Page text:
We are barely trying to promote our band and I like to spend as little time on a computer doing things like that as possible. Guess we still prefer the physical world and interactions, getting out and playing shows. The model is changing and no one knows what that means...yet. Labels, studios, and budgets are down/out. Looking bleak. People will always want to listen to music but, I guess they just don't think it's worth paying for anymore. Hopefully food and gas will acheive this kind of status in the next few years.

How has the band's sound evolved since it's evolution and eventual relocation to philly? What effort was made to reconcile the sound on the album with playability in a live setting?

Well, we made an effort to be concise on Grass Geysers more as an exercise. I don't know if philly has changed our sound as much as it has allowed us to reflect and manage things a little better. We have a clear idea about why and how we want to do things before we are done with them so, having the brain space to execute has been the most precious thing about being in Philly.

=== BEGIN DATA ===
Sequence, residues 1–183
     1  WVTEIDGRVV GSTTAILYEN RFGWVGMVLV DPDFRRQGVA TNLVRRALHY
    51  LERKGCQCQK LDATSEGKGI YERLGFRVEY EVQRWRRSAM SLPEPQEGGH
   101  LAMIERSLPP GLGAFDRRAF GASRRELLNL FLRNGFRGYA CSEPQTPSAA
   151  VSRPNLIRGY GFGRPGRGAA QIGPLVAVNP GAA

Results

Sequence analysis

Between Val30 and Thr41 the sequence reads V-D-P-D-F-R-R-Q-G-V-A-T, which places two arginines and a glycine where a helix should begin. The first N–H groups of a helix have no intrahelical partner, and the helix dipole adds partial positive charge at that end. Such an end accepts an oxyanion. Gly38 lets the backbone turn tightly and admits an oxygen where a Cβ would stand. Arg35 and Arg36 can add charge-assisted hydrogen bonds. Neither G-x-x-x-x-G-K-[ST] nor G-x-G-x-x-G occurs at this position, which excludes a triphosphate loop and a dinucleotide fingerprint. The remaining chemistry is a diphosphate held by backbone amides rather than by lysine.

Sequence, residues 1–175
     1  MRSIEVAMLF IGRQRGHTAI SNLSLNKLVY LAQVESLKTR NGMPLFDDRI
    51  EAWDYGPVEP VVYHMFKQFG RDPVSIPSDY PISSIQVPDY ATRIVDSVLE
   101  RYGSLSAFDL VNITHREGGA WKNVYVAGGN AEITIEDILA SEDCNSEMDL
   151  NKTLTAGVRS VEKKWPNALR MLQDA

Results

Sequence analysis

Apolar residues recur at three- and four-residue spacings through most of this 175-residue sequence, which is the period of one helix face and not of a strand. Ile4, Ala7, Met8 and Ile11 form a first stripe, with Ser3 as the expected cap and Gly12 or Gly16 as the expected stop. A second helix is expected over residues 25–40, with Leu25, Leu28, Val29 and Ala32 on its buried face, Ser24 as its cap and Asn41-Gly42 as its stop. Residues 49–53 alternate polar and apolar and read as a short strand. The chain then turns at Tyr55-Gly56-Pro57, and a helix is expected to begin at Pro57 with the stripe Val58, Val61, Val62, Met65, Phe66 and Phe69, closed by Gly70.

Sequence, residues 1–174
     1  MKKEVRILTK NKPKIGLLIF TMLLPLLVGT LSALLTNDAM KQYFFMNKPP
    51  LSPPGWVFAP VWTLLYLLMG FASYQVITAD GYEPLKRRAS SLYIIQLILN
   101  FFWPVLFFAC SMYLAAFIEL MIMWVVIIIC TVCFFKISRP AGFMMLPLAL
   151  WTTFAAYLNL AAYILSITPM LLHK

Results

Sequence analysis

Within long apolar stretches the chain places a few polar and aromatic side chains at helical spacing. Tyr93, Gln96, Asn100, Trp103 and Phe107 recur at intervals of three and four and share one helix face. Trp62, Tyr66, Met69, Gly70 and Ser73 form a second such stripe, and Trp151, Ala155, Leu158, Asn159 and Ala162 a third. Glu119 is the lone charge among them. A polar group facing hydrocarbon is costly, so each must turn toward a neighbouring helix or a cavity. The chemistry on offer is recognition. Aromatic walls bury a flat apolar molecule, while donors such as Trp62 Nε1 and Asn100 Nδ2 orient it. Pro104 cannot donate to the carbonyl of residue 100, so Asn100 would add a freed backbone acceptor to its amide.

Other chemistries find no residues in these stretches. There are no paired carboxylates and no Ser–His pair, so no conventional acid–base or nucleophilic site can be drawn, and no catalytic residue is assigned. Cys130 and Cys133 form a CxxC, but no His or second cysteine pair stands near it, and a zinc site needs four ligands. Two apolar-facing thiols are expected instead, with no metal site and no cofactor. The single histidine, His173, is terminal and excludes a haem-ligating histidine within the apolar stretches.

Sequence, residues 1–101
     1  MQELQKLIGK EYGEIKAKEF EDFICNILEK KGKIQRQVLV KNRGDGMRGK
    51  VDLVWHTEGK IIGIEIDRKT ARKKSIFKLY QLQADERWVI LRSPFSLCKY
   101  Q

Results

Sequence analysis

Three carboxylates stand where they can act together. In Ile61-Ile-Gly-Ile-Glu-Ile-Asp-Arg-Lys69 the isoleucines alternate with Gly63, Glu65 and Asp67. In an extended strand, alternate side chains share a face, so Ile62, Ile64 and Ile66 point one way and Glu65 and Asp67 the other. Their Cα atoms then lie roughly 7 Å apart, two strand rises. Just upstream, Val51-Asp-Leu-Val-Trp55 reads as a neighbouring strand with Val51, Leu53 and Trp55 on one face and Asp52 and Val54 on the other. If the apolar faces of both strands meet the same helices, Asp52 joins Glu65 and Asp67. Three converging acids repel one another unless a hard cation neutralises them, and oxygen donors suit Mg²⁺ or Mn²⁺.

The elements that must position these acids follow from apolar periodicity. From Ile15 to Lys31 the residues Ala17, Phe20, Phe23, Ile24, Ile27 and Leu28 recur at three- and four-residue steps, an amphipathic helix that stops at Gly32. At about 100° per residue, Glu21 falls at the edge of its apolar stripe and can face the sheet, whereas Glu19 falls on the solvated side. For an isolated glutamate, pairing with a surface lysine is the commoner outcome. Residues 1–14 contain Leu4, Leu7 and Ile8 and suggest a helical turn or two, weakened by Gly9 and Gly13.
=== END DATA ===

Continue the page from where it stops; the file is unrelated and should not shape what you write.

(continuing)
Are you doing a lot of touring this summer? What are your plans for upcoming shows?

Well we have a little tour in June at the end through the midwest mostly. We don't really have any objectives, we have been working on new material and changing up how we are doing things live... it's a bit more electronic again so we are going out and flexing those muscles for people 'round.

2 comments:

  1. Great interview! Enon has been my favorite band since 2001 when I was just an awkward teen following them around the mid-west with my friends. I've really seen this band evolve and evolve, for the better over the years and John is way ahead of his time. To be in the presence of this kind of songwriting is a privilege.

    The small intimate shows over the years and the fact John, Toko and Matt have been so approachable has touched a lot of people's lives. Mine especially. They have defined this past decade for me and when I look back they will forever be the biggest highlight.